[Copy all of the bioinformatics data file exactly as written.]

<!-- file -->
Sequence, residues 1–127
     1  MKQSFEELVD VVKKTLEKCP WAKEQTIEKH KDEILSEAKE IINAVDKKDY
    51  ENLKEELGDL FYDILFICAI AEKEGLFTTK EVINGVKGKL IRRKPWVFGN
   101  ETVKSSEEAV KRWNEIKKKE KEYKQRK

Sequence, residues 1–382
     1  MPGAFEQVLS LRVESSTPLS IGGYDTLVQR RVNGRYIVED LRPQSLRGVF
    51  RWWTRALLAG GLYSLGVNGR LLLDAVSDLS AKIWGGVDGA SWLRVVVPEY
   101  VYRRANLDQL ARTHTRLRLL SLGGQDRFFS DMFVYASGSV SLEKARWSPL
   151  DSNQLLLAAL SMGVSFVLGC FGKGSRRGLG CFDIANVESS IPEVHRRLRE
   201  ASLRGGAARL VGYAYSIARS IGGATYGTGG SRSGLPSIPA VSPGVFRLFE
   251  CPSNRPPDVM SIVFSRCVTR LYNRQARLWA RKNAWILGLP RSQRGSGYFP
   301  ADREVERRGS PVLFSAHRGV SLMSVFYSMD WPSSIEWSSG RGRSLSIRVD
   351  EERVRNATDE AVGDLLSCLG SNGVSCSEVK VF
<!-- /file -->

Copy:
Sequence, residues 1–127
     1  MKQSFEELVD VVKKTLEKCP WAKEQTIEKH KDEILSEAKE IINAVDKKDY
    51  ENLKEELGDL FYDILFICAI AEKEGLFTTK EVINGVKGKL IRRKPWVFGN
   101  ETVKSSEEAV KRWNEIKKKE KEYKQRK

Sequence, residues 1–382
     1  MPGAFEQVLS LRVESSTPLS IGGYDTLVQR RVNGRYIVED LRPQSLRGVF
    51  RWWTRALLAG GLYSLGVNGR LLLDAVSDLS AKIWGGVDGA SWLRVVVPEY
   101  VYRRANLDQL ARTHTRLRLL SLGGQDRFFS DMFVYASGSV SLEKARWSPL
   151  DSNQLLLAAL SMGVSFVLGC FGKGSRRGLG CFDIANVESS IPEVHRRLRE
   201  ASLRGGAARL VGYAYSIARS IGGATYGTGG SRSGLPSIPA VSPGVFRLFE
   251  CPSNRPPDVM SIVFSRCVTR LYNRQARLWA RKNAWILGLP RSQRGSGYFP
   301  ADREVERRGS PVLFSAHRGV SLMSVFYSMD WPSSIEWSSG RGRSLSIRVD
   351  EERVRNATDE AVGDLLSCLG SNGVSCSEVK VF